Wrong Story
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Wrong Story

Uriel Heilman’s JTA report gets the facts right (mostly) but the story wrong when
writing about Conservative Judaism and The United Synagogue of Conservative
Judaism (USCJ) in “Amid Identity Crisis, Conservative Judaism Pays for
Rebranding” (Dec. 4).

While the article is ostensibly about our recent convention, Shape the
Center, it focused instead on a separate project — a branding initiative —
and a rehashing of the Pew data. In fact, the convention was marked by
interactive workshops offering practical solutions to many of today’s most
pressing issues, including LGBTQ and special needs inclusion, leadership
development, millennial engagement, interfaith families, financial stability
and more.

The article references the analysis of Steven M. Cohen to demonstrate a
decline in the number of self-identified Conservative Jews, but this research
also showed, as United Synagogue CEO Rabbi Steven Wernick noted in in his opening session
speech, that “while the quantity of Conservative Jews has diminished, the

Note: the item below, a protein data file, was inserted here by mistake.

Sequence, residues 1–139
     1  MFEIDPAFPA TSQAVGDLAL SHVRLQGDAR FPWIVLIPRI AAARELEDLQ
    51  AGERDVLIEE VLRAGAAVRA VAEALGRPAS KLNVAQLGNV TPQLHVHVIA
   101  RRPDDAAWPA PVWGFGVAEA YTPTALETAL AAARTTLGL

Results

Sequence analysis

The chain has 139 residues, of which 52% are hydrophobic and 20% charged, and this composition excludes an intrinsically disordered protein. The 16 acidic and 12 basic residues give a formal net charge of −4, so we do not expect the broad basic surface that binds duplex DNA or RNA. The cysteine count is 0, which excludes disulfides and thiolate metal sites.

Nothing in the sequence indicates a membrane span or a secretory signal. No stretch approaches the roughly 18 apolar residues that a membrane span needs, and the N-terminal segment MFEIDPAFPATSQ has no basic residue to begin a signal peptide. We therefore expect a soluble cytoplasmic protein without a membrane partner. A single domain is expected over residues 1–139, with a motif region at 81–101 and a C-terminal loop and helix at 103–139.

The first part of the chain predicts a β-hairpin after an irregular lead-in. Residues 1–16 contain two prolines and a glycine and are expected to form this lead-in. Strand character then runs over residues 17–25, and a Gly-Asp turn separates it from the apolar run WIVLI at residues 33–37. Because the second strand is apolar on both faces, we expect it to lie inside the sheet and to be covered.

quality of Jewish involvement of those continuing to engage has stayed
relatively strong.”

Engagement was actually the theme of Rabbi Wernick’s speech, contrary to
what was reported in the article. He shared some of Cohen’s statistics and
then identified teenage engagement as a keystone habit of thriving
congregations.

USCJ has recently begun a branding initiative in order to sharpen our focus
and expand our reach, effectiveness and influence, but this certainly was not
the predominant story of the convention. Twelve hundred Jews gathering over
five days to influence the future of Conservative Judaism, and it’s
unfortunate that JTA instead relied on a click-bait headline and a tired
narrative of decline.

Director of Marketing and Communications,

United Synagogue of Conservative Judaism

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